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ESA discovers exoplanet ‘with no equivalent’

Isabella Richards
ESA discovers exoplanet

The European Space Agency (ESA) has just discovered a rare exoplanet “with no known equivalent” in its search for other planets, as it crossed over a star in its telescope view.

ESA discovers exoplanet ‘with no equivalent’
ESA discovers exoplanet
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This planet was discovered by the ESA’s Cheops (Characterizing Exoplanets Satellite), designed to collect ultra-high precision data of individual stars known to host planets.

Discovered through a planetary transit – when a transiting planet blocks a tiny proportion of a star as it crosses over in front – the exoplanet revealed itself to be about 2.5 times the radius of Earth, and takes 107 days to loop around its star.

The exoplanet was transiting a star that the researchers were already studying, named Nu2 Lupi, sun-like in nature and just under 50 light years away from Earth. 

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In 2019, High Accuracy Radial Velocity Planet Searcher (HARPS) in Chile discovered three exoplanets: b, c, and d, with the star deemed to be object ‘A’.

NASA’s TESS satellite found the b and c planets to transit Nu2 Lupi, however, now this rare sighting reveals planet d.

“We set out to build on previous studies of Nu2 Lupi and observe planets b and c crossing the face of Nu2 Lupi with Cheops, but during a transit of planet c we spotted something amazing: an unexpected transit by planet ‘d’, which lies further out in the system,” said Laetitia Delrez, the lead author of the finding from the University of Liege, Belgium.

Not much is known about these planets as most exoplanets found so far are surrounded by faint stars, however, Nu2 Lupi is bright enough for the naked eye to spot, a “golden target” for research.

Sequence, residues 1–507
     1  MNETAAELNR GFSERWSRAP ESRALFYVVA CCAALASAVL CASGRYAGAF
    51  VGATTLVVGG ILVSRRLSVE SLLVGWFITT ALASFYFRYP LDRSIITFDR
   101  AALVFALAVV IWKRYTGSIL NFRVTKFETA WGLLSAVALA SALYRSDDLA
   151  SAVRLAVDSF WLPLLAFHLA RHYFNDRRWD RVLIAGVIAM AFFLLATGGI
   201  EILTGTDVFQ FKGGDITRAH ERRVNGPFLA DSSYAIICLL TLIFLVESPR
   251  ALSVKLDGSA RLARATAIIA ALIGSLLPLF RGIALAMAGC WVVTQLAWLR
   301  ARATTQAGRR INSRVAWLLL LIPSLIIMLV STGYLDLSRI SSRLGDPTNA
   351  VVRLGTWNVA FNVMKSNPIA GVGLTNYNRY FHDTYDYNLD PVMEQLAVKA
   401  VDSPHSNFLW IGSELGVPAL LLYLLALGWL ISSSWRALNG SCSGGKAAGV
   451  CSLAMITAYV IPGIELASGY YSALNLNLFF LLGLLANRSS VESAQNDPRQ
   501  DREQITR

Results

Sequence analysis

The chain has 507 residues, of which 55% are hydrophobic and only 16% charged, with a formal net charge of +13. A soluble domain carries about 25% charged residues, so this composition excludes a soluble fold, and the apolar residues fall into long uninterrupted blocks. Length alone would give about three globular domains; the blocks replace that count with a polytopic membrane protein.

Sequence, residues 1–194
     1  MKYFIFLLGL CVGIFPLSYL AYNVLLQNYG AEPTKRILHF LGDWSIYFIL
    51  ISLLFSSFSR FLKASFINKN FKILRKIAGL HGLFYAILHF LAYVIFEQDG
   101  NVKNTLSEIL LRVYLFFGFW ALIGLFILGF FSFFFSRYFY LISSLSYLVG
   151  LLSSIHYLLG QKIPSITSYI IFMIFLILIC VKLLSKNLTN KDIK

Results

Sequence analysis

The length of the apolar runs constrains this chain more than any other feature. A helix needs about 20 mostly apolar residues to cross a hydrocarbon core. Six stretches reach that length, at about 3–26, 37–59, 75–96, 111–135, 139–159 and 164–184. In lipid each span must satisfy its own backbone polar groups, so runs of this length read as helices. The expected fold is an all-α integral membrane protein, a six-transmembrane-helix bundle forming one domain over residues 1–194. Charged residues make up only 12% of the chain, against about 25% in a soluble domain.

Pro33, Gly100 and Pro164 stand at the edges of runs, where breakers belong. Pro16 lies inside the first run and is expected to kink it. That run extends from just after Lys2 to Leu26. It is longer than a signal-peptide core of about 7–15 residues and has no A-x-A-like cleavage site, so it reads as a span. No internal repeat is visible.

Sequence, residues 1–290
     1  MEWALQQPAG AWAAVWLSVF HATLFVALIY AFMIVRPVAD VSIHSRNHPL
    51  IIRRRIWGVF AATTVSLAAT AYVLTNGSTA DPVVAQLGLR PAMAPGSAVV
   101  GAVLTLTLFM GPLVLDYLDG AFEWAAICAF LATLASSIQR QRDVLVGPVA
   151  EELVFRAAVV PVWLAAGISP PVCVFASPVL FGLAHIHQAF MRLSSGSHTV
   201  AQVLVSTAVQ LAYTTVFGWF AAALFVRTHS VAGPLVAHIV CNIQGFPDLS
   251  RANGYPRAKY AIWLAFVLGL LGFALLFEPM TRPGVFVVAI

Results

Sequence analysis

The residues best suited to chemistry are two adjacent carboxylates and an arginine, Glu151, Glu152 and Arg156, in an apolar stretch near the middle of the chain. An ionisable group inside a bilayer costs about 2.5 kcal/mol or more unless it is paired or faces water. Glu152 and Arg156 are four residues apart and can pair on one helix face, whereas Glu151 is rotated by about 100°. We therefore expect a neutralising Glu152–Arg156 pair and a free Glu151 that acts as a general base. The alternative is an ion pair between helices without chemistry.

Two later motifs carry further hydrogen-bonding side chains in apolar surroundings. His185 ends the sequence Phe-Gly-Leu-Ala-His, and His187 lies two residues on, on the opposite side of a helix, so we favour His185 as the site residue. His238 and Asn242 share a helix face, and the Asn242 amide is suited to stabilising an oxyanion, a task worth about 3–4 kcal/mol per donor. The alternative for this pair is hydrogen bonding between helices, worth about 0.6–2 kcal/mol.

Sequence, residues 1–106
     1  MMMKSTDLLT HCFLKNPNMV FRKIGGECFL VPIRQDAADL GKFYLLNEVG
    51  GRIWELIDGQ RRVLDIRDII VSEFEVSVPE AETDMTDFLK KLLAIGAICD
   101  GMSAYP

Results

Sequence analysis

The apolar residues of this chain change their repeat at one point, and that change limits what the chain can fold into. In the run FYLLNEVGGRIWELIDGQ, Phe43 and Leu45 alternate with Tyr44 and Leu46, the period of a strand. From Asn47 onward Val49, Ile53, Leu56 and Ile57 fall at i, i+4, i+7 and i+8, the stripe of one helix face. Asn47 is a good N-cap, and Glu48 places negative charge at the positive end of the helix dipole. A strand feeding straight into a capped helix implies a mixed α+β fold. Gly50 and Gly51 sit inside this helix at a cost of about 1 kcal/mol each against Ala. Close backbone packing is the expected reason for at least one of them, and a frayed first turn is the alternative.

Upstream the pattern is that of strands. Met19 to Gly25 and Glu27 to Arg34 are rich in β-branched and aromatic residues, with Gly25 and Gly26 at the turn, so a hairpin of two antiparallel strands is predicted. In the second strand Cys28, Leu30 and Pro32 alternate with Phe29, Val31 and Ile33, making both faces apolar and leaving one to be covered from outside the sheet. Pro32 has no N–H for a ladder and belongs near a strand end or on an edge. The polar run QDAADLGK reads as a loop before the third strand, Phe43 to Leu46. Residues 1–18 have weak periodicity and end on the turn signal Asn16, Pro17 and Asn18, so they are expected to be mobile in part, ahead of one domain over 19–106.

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Planet d seemed to contain large amounts of water, far more than Earth as a “quarter of each planet’s mass is made up of water, compared to less than 0.1 per cent for Earth”, according to the ESA.

Exploring these exoplanets and star systems through transits are important to understand how “planets form and evolve”, through comparing several planets around the same star, according to Delrez.

Therefore, researchers can unlock distinct features of these planets as they compare them, such as their atmospheres, orbits, size and compositions.

The first confirmation of an exoplanet dates back to 1992, by astronomers Aleksander Wolszczan and Dale Frail. According to NASA, more than 4,000 exoplanets have been discovered and are considered confirmed since then.

Most of these planets have been sighted through the transit method, however, other large ones have been found through a “radial velocity” method, a slight “wobble” of a star that has planets that do not orbit perfectly around its centre.

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